CMC Worship in Place | September 13 | Exodus Series

Sermon | “Why do you cry out to Me?”

Sermon Text: Exodus 14:10-31

Preacher: Phil Yoder

A story about water
In 2014, the local government of Flint Michigan decided they wanted to save money by switching to a different water source. After switching the water source, the local government did not hold the water plant responsible for making sure that the water was clean, through placing the necessary chemicals in the water, to keep the lead pipes from poisoning the water. This led to high concentrations of lead in the drinking water of thousands of people.

Instead of having access to clean drinking water, Flint residence’s hair was falling out and children were getting sick. Lead poisoning at high amounts can lead to all sorts of health and human development issues. Bottled water, to this day, is still shipped to Flint for people to have clean water access. The government of Flint and of the United States had the ability to dictate who has access to clean water, and thus dictate who lives, and who dies.

Our bible story starts with the Israelites in a sticky situation, stuck between the  approaching Egptian armies and the foreboding red sea. They might be asking “Do I die by drowning, or do I die by the sword?” The decision over their own life has been ripped out of their control. Not too different from those in flint, who were stuck asking,“Do I drink poisonous water, or drink no water at all?”

In this peculiar situation, Moses is apparently very calm and collected. He tells the Israelites to “be Still.” That God will fight your battles. Often this is where traditional Mennonites like to end this story. Just be still – See, this God in the old testament isn’t violent. God is telling us not to act, but to just be still.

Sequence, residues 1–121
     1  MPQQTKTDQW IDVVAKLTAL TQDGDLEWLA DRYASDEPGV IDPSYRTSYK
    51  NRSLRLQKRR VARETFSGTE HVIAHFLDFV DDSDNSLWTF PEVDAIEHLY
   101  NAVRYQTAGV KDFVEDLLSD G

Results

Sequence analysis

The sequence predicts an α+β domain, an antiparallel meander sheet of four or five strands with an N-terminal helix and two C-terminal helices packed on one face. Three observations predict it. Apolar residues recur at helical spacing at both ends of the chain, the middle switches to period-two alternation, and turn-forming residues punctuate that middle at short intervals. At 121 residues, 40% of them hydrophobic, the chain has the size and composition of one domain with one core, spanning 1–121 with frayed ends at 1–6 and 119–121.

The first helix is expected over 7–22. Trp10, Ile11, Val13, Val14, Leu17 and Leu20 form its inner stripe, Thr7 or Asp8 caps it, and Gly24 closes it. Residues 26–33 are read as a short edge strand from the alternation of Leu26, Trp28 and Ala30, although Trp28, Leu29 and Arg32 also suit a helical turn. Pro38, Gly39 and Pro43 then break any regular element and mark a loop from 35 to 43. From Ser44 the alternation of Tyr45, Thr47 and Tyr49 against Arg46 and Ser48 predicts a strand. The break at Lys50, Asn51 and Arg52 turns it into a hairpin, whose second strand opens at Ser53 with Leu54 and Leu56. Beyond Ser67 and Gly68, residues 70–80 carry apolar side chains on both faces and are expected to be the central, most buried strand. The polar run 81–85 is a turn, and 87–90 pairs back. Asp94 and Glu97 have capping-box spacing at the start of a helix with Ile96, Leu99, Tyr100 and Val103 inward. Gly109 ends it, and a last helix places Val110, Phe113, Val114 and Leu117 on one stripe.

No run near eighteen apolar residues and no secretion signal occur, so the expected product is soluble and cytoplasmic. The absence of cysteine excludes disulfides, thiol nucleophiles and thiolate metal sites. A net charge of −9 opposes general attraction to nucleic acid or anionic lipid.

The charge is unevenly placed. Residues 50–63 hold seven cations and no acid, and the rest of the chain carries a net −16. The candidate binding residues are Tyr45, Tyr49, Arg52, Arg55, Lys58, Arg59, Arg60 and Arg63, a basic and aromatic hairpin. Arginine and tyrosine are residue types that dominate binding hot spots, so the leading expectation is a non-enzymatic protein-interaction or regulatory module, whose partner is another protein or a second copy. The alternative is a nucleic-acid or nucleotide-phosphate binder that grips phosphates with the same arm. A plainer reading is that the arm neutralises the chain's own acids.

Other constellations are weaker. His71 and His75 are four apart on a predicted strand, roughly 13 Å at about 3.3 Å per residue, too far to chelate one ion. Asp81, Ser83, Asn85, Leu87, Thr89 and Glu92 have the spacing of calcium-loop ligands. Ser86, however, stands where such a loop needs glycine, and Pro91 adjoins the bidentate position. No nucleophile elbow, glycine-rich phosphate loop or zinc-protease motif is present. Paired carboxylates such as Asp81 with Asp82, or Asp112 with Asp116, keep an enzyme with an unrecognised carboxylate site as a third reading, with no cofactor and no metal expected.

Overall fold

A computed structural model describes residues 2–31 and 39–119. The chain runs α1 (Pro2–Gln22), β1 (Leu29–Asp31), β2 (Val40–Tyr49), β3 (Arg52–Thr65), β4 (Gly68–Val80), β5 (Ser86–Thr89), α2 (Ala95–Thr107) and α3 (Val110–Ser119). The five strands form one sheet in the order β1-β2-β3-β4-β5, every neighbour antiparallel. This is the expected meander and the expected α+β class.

Sometimes in the face of empire, in the face of violence, what is needed of us is to just be still. To rest, to contemplate. To pray. To learn, To take time to reprioritize and reflect on where we have been, and what has been done.

Another Story about water
In the 2010s  the Dakota Access Pipeline project that was proposed to go through Standing Rock, a Lakota reservation. The pipeline was problematic for multiple reasons: Frist: Pipelines have a history of inevitably bursting.  In this case, the Dakota Access Pipeline (DAPL) was going to pass underneath the Missouri River, potentially ruining a water source that supplies many major cities downstream. SECOND This pipeline was passing through reservation land in which the inhabitants did not want to give the oil company access to (including an ancestral burial ground).
Not only did Dakota access pipeline hire security forces to attack protesters with dogs and tear gas, but the government brought police forces and the national guard to respond to the peaceful demonstrations. The Dakota access pipeline and government together had the power to keep the project going, even though they did not have legal access to the land and there were obvious environmental risks for the water supply of millions of Americans. In the case of Standing Rock, both the government and corporations have the power to dictate who has access to clean water and who does not. Just this summer, a Federal Court put a pause on the Dakota access pipeline. A successful step for those who have been protesting. We will see how long that will last against the deep pockets of the oil industry.

Back to Exodus,
God responds Mose’s proposal to be still with a  rather funny question:  God asks,““Why do you cry out to Me?” They are stuck between the imperial military and a giant sea, and Mose was just done saying to not do anything about it, and God asks ““Why do you cry out to Me?” Is God aloof? Unaware of the situation they are in?